'Suicide doors' make a comeback on 80th anniversary edition Lincoln Continental

Key Points
  • 2019 Lincoln Continental will have "suicide doors" that open from the center. 
  • The doors are synonymous with Lincoln 
  • Also called "coach doors" they were once controversial and regarded as unsafe.
Lincoln unveils 80th anniversary Continental with suicide doors
Lincoln unveils 80th anniversary Continental with suicide doors

Once deemed dangerous, suicide doors are making a comeback on the Lincoln Continental.

Ford is celebrating the 80th anniversary of the long-lived luxury Lincoln line by making 80 cars in 2019 with the classic center-opening doors that once served as the signature of the Continental.

The doors are not just a gimmick or aesthetic flourish. By opening toward the rear of the car, they allow passengers in the rear seats to enter and exit the vehicle more comfortably. Passengers don't have to lean forward to push the door open or pull it closed, for example.

The design was featured commonly on horse carriages, hence the name "coach doors." Over time they had come to be called "suicide doors," thanks to the danger of the wind forcing the rear door open while driving at high speeds, according to automotive historians. This was particularly dangerous in the era before seat belts.

The 80th Anniversary Lincoln Continental Limited Edition with coach doors
Source: Lincoln

More recent takes on the suicide door have incorporated safety features such as locking the door once the car reaches a certain speed.

Apart from the coach doors, the car's wheelbase will be 6 inches longer, which Lincoln said gives the rear seats more room. The car lights up as its driver approaches with a welcoming lighting sequence. The trim is Lincoln's best quality leathers and dash materials, its Black Label, which typically offers higher-quality materials and membership privileges, such as vehicle detailing and free car washes.

Sedans are a tough sell these days. Ford said it plans to all but stop making them over the next several years, with the exception of its Mustang sports car.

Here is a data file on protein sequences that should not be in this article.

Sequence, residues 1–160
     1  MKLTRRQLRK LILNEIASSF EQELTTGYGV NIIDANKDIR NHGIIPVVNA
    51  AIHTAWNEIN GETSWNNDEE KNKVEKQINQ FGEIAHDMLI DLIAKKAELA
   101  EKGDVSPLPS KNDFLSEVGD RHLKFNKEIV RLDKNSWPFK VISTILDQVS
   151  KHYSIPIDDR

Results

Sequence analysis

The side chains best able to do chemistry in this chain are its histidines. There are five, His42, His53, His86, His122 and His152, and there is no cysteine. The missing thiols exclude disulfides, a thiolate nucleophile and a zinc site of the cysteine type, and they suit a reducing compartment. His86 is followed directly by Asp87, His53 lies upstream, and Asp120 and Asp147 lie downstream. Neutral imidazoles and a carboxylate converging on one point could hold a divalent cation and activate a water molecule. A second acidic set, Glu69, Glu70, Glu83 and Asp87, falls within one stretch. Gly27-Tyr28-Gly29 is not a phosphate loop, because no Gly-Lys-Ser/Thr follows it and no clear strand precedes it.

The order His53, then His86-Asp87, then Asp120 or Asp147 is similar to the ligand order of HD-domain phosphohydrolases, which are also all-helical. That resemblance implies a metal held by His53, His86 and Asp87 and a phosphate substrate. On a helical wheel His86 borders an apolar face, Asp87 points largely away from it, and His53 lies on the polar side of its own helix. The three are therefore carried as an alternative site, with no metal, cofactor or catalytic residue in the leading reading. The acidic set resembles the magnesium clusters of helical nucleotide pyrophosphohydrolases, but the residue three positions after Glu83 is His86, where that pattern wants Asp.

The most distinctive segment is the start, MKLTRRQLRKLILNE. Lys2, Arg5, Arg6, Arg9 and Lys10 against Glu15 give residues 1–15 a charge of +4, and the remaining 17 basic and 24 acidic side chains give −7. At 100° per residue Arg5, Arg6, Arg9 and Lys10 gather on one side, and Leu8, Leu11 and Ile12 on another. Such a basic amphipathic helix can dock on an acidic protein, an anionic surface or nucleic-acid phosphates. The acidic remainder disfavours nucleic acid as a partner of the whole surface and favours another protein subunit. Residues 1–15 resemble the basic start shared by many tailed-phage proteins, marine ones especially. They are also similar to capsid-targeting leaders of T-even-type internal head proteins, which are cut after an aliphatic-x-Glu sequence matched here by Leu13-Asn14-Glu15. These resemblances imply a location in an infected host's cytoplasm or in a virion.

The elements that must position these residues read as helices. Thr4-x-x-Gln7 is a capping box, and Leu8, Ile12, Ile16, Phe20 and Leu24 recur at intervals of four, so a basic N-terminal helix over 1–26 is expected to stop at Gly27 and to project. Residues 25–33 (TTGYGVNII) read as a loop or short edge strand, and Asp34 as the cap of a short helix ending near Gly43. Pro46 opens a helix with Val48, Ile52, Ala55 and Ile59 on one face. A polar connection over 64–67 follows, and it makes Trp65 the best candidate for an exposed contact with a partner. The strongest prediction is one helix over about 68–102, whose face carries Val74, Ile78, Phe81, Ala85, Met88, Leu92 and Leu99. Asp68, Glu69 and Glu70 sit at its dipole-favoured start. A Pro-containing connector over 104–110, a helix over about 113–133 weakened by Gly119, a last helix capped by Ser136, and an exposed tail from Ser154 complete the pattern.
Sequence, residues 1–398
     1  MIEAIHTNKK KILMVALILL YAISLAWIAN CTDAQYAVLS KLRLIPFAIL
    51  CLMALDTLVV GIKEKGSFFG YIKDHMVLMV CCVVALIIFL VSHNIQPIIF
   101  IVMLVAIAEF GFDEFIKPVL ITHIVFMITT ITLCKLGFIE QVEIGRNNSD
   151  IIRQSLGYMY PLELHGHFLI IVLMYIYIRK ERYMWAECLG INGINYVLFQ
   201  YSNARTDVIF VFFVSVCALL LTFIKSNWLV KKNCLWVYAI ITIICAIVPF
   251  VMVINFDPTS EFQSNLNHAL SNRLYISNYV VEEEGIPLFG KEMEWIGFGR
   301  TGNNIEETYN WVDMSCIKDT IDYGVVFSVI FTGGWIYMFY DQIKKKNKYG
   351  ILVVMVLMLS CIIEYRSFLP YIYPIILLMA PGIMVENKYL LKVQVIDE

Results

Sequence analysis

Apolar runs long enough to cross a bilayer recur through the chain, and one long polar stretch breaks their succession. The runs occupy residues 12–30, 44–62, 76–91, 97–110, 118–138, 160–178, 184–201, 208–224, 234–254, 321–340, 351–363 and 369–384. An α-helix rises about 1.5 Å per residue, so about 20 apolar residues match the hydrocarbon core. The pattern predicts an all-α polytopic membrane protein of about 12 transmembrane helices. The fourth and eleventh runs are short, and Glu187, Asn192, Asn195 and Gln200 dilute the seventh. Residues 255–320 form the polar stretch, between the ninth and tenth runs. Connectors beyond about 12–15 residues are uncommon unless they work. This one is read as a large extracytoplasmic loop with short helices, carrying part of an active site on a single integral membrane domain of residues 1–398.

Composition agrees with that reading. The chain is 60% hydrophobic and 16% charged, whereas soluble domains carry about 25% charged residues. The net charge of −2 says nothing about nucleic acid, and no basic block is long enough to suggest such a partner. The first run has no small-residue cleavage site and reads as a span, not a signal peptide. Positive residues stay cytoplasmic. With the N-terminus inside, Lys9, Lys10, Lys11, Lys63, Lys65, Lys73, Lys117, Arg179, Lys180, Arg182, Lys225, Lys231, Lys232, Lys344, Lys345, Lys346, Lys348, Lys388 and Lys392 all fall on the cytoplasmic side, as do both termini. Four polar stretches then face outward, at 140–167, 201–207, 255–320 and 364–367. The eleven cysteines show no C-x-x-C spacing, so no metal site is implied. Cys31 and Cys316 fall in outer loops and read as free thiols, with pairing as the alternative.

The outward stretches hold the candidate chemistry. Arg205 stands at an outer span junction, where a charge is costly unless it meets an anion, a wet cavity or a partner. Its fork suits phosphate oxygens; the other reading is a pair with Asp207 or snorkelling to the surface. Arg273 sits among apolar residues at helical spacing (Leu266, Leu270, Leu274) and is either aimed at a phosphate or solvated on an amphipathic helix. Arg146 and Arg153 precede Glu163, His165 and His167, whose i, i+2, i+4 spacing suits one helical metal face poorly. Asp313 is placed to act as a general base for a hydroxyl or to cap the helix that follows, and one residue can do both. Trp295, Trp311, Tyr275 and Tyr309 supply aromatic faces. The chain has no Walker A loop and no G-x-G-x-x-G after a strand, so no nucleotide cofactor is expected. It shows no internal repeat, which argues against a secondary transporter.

But this version of the Continental is more of a specialty sedan, and sales of those are still relatively healthy, said Robert Parker, director of marketing, sales and service at Lincoln.

"I find it incredibly interesting," said Stephanie Brinley, an analyst at IHS Markit. "The Continental is a vehicle that has had weak sales in a difficult segment, for sure. So I think it is an effort to draw in some interest and create some buzz around the car."

The front interior of the 80th Anniversary Lincoln Continental Limited Edition.
Source: Lincoln

Building a vehicle with suicide doors seems to be quite a lot of work for a car that doesn't sell well in the first place, she added. It is much more difficult than just dropping a new engine into the car. But she she doesn't think Lincoln will have any trouble selling every one of the limited run it's making.

It also seems to be part of a larger strategy Lincoln has taken in recent years of trying to reach far back into the brand's history in a nod to its roots as a distinctly American luxury label, she said. In recent years Lincoln has been carving out a space for itself in the luxury market by emphasizing service and making spacious, plush vehicles that drive comfortably, rather than the sportier luxury cars European makers are known for.

No specifics on the price are available yet, but Parker said it is safe to say it will be the most expensive vehicle Lincoln sells. That means it stands to cost more than $100,000, which is the price some of Lincoln's Black Label vehicles.

Lincoln first came out with the Continental as a custom luxury vehicle in 1939, but didn't add the coach doors until 1961.

"There hasn't been a conversation about product planning I have been in during all my time in Lincoln that hasn't involved bringing back coach doors," Parker said.

Inside the back seat of the 80th Anniversary Lincoln Continental Limited Edition.
Source: Lincoln